Top-handle saws are more compact and lighter, and can often be used one-handed. But they are designed for use at height, which sacrifices stability.
If you’ll be working on the ground, their maneuverability makes them a great choice for pruning limbs and fallen branches. If you’ll be taking down trees or working with large logs on the ground, it’s probably wiser to choose a rear-handle model with a wider handgrip for more protection against kickback.
To reduce fatigue, look for a chainsaw with rubberized handles and anti-vibration features. This is particularly useful on gas-powered saws, which have more vibration due to the moving parts of the engine.
In case of kickback, a chain brake stops the motion of the chain almost immediately, making it a great safety feature.
A typical homeowner should expect to spend between $100 to $500 for a chainsaw. There are plenty of saws on the market that cost far more, but they are primarily aimed at professionals who use these tools all day and depend on them for their lives and livelihood.
For DIYers, the primary consideration is power and usage. A more powerful saw will require a gas motor, while a less powerful, more mobile one can be driven by an electric motor. If you’ll be clearing trees from your property and converting them into firewood, then you’ll be well served to get an 18- to 24-in. bar and a gas-powered chainsaw. If you’re simply trimming the occasional limb or fallen branch, you’ll be better off with a shorter bar and a corded or battery-powered saw.
Chainsaw Maintenance and Repair Considerations
The maintenance of chainsaws primarily involves the chain and the motor.
Keep the chain and bar free of debris such as dirt or twigs, maintain proper chain tension and maintain the chain oil. All are easy to do yourself, and should be done on a regular basis, preferably after each significant use.
Sharpen the chain as often as needed; this will vary depending on the frequency and nature of use, but a general rule do so every time you refill the gas tank. (For electric models, sharpen after a full day’s use.) No matter what kind of saw you have, if you find it’s taking longer or requiring pressure to cut, it’s time to sharpen the chain on.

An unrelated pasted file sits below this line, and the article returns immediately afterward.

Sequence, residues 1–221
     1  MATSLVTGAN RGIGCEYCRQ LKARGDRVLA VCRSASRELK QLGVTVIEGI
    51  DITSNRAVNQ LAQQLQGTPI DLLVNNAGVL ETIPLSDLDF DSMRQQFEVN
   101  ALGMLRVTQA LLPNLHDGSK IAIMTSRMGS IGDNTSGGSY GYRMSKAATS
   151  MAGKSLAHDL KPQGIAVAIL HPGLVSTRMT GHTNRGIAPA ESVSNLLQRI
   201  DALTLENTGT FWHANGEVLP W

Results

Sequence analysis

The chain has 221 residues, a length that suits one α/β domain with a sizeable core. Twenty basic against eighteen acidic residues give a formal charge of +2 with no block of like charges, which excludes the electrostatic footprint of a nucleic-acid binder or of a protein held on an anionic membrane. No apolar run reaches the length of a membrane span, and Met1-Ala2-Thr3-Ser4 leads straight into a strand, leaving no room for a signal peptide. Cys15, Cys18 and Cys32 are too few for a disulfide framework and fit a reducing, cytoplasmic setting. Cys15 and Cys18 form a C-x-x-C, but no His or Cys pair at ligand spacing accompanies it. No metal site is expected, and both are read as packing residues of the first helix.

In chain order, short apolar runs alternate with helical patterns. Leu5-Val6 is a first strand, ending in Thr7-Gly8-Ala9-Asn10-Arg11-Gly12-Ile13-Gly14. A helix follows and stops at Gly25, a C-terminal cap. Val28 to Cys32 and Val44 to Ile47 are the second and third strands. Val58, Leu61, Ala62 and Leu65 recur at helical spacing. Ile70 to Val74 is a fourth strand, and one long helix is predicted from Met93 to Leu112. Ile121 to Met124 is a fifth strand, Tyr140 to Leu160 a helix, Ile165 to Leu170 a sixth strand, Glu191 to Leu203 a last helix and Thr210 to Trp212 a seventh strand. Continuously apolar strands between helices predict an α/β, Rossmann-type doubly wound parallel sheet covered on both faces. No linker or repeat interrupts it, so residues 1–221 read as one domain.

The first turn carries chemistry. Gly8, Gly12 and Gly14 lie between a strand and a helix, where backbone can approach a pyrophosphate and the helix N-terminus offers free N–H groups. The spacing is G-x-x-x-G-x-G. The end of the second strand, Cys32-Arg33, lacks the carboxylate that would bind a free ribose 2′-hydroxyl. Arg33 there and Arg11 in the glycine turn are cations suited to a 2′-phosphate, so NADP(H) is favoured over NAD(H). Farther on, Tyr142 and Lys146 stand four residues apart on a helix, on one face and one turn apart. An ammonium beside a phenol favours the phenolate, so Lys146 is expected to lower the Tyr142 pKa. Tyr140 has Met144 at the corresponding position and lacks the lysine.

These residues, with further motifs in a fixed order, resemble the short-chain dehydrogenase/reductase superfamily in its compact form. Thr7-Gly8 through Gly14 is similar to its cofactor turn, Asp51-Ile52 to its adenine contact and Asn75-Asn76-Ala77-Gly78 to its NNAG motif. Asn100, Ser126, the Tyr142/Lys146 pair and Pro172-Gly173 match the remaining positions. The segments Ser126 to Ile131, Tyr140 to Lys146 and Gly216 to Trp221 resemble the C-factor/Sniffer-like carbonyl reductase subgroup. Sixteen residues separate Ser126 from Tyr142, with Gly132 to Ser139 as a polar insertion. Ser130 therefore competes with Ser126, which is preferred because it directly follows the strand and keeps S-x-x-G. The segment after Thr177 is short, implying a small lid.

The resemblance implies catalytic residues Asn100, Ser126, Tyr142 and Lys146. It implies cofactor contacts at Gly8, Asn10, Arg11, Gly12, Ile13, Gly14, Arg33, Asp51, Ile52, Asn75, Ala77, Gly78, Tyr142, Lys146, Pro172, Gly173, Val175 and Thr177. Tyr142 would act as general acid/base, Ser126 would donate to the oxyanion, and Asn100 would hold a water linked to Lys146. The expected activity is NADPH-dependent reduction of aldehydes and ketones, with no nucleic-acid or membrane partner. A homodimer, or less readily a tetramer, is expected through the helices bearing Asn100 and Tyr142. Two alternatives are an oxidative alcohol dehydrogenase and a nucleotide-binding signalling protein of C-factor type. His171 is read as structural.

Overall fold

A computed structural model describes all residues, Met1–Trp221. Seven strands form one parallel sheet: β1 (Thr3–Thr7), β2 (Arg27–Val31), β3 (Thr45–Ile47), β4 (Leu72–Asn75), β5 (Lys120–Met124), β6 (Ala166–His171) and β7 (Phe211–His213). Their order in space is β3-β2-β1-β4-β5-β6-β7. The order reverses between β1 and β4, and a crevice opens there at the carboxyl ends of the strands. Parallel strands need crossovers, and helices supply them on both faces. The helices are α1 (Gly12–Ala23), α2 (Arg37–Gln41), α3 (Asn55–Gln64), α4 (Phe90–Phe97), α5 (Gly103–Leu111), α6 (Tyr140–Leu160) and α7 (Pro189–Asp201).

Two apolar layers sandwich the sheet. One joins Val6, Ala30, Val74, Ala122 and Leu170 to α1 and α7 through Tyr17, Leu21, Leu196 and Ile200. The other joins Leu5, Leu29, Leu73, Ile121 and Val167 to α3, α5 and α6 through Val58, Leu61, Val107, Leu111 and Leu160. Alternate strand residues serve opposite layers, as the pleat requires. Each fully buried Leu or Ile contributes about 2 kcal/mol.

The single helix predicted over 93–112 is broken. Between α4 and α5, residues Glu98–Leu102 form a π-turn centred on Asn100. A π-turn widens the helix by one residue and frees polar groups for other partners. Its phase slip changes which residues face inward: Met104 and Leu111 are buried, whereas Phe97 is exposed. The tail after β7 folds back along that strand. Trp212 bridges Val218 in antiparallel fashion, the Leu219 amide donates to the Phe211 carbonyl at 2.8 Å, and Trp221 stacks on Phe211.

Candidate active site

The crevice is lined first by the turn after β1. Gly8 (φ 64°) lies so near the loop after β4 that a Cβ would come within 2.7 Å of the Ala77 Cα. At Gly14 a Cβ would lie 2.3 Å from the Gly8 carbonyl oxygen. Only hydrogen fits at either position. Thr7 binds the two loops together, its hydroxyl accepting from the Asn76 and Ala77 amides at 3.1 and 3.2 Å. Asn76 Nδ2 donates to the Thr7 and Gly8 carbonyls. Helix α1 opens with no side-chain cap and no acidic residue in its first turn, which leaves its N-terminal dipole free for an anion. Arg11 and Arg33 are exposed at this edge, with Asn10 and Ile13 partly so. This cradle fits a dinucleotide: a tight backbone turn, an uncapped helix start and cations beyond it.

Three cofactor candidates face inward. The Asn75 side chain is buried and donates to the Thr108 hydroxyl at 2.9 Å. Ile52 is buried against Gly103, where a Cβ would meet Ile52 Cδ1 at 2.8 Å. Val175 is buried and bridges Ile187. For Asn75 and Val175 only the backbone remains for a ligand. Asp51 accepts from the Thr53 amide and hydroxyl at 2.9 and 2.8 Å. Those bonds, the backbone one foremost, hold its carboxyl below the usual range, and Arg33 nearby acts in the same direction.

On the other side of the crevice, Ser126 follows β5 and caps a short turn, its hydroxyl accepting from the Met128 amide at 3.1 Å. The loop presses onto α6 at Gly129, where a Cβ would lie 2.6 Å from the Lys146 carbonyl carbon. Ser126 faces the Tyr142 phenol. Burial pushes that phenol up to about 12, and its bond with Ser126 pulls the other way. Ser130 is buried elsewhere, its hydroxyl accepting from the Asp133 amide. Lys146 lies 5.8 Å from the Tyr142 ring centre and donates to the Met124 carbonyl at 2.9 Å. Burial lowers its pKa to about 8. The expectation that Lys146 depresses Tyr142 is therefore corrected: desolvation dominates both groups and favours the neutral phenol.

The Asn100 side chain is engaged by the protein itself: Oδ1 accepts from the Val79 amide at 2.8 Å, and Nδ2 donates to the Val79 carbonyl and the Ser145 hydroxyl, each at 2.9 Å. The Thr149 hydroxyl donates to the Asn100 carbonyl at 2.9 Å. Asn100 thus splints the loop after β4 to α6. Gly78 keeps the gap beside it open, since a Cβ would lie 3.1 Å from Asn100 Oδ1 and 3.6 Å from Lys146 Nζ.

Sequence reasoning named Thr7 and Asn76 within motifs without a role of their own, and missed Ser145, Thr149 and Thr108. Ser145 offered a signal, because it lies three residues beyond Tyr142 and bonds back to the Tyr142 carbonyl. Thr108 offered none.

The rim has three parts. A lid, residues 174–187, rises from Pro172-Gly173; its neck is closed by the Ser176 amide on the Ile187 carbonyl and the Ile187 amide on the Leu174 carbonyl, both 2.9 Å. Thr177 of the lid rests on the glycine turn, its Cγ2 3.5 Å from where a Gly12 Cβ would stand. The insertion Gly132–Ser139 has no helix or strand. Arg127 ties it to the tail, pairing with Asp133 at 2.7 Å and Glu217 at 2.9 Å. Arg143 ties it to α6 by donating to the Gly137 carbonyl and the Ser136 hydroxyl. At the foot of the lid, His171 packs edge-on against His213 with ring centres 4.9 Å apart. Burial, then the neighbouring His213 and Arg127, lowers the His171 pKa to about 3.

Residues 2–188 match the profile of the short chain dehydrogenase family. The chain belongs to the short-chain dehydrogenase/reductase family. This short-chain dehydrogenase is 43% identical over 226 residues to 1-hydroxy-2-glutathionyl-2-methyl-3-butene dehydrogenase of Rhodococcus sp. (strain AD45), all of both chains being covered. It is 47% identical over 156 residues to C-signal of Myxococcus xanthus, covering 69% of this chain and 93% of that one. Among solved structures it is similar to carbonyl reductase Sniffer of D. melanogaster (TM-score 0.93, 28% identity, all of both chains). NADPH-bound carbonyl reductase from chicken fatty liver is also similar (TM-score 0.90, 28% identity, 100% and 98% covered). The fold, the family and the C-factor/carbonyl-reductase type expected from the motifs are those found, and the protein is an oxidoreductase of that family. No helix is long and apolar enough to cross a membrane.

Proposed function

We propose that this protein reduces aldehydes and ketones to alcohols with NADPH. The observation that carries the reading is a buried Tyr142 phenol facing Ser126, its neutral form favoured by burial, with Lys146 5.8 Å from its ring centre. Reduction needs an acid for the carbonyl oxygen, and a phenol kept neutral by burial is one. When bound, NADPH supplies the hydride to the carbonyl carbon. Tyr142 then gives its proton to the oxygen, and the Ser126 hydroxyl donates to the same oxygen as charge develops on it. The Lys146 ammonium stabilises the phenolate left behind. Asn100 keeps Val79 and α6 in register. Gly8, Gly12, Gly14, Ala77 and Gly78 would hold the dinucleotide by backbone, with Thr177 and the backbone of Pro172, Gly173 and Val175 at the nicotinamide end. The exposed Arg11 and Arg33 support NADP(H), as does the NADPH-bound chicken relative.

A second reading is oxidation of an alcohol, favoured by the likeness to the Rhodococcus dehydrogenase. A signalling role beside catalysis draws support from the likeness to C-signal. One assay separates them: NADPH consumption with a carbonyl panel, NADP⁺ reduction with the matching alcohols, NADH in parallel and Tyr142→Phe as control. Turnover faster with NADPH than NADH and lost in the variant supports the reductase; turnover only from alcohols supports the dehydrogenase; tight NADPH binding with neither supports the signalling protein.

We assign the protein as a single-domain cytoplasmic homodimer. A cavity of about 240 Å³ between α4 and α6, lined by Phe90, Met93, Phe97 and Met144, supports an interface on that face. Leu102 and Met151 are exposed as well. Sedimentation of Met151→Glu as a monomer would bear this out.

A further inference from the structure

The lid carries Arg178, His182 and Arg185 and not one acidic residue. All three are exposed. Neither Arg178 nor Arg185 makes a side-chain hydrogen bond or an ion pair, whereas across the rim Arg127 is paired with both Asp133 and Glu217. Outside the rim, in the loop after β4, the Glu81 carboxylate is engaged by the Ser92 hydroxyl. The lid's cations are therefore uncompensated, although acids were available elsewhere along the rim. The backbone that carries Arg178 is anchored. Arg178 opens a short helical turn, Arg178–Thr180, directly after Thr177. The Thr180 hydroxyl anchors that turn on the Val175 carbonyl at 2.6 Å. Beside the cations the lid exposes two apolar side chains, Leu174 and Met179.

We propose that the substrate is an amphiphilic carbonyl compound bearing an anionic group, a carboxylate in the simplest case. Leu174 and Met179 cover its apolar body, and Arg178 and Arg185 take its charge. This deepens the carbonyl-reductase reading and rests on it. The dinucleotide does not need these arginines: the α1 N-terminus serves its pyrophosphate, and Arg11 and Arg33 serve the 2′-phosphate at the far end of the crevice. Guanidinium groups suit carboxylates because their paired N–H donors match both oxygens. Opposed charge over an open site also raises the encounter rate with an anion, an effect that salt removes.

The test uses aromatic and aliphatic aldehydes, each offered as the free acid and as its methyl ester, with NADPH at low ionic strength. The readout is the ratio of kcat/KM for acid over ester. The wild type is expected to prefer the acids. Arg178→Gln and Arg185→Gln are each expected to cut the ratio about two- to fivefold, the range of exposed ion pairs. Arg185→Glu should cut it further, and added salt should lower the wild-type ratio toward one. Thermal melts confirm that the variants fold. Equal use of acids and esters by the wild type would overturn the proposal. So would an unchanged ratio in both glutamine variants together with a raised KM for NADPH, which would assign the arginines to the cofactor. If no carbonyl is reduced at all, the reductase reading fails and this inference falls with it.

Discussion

Inside The Chain Saw
Yes, crudely speaking, that’s what a chainsaw does: in scientific terms, it converts the chemical energy locked in gasoline into mechanical energy you can use to “do work,” turning a tree into logs, sawdust, noise, and heat. Here’s a very simplified explanation:
- The fuel you put in a chainsaw’s gas tank contains, in chemical form, all the energy you’ll consume cutting down and chopping up logs. To keep it nice and light, a typical chainsaw tank holds just 0.5 liters (1.1 US liquid pints) of gas (a car’s gas tank holds maybe 45–55 liters or 12–15 US liquid gallons, which is roughly 100 times more).
- The fuel feeds through a carburetor to mix it with air.
- The air-fuel mixture passes into a cylinder, which works much like the ones in a car engine but with only a simple push-pull (two-stroke) action instead of the more complex (four-stroke) cycle used in a car. Inside the cylinder, the air-fuel mix is ignited by a spark (sparking) plug, burns, releases its energy, and pushes a piston back and forth. The piston in a chainsaw engine has a bore (diameter) of about 45mm (1.75 in) and a stroke (traveling distance) of about 33mm (1.3 inches)—so it’s less than half the size of a typical car engine piston and moves only half as far.
- A connecting rod and crank convert the back and forth motion of the piston to rotary motion.